HC Deb 28 February 1991 vol 186 cc1105-6
7. Mr. Radice

To ask the Chancellor of the Exchequer what are the latest OECD forecasts for growth in the United Kingdom and Germany in 1991.

Mr. Mellor

The OECD, in its December "Economic Outlook", forecasts GDP growth of 0.7 per cent. for the United Kingdom and GNP growth of 3.0 per cent. for West Germany. No figures are available for the united Germany.

Mr. Radice

Does the Minister agree that those official OECD figures, which probably underestimate the fall in British output, show clearly that the British problem is home grown and is caused by two years or more of very high interest rates?

Mr. Mellor

I appreciate the seductive quality of that argument for the hon. Gentleman, but, unfortunately, it is not true. A number of countries—the United States, Canada, Australia and Sweden—are in recession and in France GDP fell in the last quarter. So the hon. Gentleman is not paddling the right canoe.

Mr. Ian Bruce

Does my right hon. and learned Friend agree that Germany's one advantage is that it has a population who believe in low inflation and that when wage demands are made by trade unions, they talk about paying for increases by greater productivity? Does he further agree that if we could follow their example—keeping inflation low and having wage demands met by productivity—we, too, could achieve continued growth without high inflation?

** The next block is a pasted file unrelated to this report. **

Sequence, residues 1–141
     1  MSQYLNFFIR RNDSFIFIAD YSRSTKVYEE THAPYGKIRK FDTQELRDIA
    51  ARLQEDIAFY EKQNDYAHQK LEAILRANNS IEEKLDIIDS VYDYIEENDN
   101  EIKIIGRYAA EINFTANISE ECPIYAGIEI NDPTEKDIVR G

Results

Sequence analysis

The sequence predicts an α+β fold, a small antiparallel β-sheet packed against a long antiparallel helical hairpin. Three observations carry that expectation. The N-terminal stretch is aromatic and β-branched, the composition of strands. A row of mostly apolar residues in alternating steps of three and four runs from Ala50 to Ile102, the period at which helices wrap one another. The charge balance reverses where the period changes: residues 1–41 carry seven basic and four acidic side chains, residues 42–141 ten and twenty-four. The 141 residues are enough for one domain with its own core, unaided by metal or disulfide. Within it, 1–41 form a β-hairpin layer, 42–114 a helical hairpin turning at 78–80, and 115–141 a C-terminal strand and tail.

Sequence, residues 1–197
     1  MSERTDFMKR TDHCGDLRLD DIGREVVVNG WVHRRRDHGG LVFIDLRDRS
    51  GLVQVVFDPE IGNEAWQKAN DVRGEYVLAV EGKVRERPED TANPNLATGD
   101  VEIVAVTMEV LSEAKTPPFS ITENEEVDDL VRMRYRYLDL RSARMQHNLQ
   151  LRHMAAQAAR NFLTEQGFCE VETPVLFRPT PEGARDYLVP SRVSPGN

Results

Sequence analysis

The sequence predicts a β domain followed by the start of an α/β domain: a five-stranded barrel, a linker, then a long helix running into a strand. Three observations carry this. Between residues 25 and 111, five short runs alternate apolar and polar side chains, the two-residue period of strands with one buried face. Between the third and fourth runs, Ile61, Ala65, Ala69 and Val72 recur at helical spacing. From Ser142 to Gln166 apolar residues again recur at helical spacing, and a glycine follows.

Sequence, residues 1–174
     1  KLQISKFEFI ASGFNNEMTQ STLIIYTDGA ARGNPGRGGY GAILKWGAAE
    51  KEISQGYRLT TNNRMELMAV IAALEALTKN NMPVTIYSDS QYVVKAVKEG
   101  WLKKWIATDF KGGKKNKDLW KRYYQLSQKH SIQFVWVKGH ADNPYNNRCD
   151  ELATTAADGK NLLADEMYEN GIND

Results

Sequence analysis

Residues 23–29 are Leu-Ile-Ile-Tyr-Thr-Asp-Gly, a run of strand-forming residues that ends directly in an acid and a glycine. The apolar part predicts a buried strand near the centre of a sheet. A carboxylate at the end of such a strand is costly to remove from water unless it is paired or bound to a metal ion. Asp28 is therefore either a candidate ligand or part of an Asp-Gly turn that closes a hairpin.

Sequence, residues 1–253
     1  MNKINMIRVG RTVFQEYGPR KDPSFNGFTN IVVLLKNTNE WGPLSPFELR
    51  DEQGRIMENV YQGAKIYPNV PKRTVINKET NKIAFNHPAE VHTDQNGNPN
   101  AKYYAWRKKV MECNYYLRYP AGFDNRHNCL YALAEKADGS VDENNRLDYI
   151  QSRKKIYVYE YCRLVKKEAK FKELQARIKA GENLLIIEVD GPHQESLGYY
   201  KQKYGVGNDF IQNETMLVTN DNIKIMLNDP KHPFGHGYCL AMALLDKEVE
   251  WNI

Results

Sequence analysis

Mr. Mellor

My hon. Friend is right. Indeed, we have proved it to be so. Between 1980 and 1990, the United Kingdom economy, by learning those lessons, grew faster than that of West Germany, whereas when the Labour party was in power we were bottom of the European growth league.

Mr. John Smith

Can the Chief Secretary explain why, after 11 years of Conservative rule, the United Kingdom is the only country in the European Community to be in recession by having a fall in GDP for two quarters and is the only country in the EC to be cutting investment in the manufacturing sector?

Mr. Mellor

The right hon. and learned Gentleman knows that there have been falls in productivity, output and production in a number of European countries. He also knows that the 1980s was a decade of unparalleled success for the United Kingdom economy. With the greatest respect to the right hon. and learned Gentleman, he could not have said that about the previous decade when he was a Cabinet Minister.

Mr. John Marshall

Does my right hon. and learned Friend agree that one year's forecast is not a totally accurate guide to the health of an economy, but that a decade is a much better guide to the success of economic policies? In the 1980s our economy thrived, unlike many in the European Community.

Mr. Mellor

That is exactly right. We were at or near the top of most of the economic indicator leagues in the Community, whereas under the Labour Government our economy was at the bottom of those leagues. The Opposition keep on talking the British economy down, but we have confidence in it.

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